My Suburbs by Max Seifert


To the fourteen autonomous regions of my body hairs,
welcome. Toes—good evening, are you blue? If the branch
of the crape myrtle split you lengthwise, femur,
would you thank it? You there, solar plexus, do you wince?
Do you really see yourselves like two anti-naval
mines long forgotten in the Black Sea, patellas? It’s true you’ve often
sweat, often ached for my sake. I admit it—once
or twice maiming you, wrists, to watch you purse into a scar.
Shins, I’m sorry for skateboarding. Liver, for Schnapps. Sphincter,
I’m sorry for my apathy toward lube. You and you and each one of you,
my girly, girly fingers: I am too much like you. Thin, malformed,
not reliable enough even to manage a square knot. Good evening,
little head. All yesterday I dreamt of emptying you. What it is
to be alive in the body of a fifteen-year-old boy in Wilmette,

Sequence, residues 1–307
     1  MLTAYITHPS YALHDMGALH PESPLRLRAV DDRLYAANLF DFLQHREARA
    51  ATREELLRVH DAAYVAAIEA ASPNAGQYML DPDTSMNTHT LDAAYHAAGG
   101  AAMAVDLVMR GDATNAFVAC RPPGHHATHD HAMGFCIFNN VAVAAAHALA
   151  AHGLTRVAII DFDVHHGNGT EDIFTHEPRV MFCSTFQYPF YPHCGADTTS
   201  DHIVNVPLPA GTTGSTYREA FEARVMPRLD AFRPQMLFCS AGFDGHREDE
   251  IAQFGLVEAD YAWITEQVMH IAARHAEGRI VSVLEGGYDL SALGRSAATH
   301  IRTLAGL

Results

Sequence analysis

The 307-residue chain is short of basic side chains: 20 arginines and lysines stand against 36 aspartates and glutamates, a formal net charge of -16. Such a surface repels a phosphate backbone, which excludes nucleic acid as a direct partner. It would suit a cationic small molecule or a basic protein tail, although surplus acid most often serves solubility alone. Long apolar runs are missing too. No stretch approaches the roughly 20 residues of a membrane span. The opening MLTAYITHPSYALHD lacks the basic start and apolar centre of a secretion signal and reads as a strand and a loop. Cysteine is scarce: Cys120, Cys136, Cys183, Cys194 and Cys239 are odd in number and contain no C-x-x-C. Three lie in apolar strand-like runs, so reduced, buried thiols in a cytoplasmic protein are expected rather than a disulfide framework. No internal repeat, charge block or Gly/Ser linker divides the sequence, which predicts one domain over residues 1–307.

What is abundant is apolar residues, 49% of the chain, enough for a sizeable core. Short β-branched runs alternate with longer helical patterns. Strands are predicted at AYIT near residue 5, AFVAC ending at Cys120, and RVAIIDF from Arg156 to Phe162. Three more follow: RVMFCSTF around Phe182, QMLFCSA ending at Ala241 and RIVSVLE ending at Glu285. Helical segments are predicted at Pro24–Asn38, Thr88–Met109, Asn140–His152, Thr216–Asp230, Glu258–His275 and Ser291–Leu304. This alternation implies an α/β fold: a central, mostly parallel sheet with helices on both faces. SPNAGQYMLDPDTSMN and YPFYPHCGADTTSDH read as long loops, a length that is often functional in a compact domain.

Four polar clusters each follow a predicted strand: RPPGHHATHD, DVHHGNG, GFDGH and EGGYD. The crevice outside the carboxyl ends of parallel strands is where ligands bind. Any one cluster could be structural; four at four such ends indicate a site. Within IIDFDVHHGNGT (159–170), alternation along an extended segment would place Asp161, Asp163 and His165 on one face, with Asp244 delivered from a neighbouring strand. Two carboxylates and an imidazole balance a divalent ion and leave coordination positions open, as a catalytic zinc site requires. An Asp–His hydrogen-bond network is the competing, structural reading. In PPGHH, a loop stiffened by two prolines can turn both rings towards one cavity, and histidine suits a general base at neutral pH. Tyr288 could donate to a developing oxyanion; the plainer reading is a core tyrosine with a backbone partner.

Illinois and why are questions to be asked another night. I am asking
you tonight, on the darkest corner of Wilmette, in the very last seat
of a five-seat crossover, to put off your blame. I’m urging you
assume a new shape: be sweet. Because here, through the languid wisps
of old car smell and the bright teenaged moonlight and the fourth track
on Channel Orange like a chainsaw into the fragile bough
of my loneliness, comes Melanie from algebra.


Max Seifert lives in Austin, Texas. His writing has previously been published by The Adroit Journal, b[OINK] Zine, The National Federation of State Poetry Societies, and plain china. He is a graduate student at the University of Texas at Austin.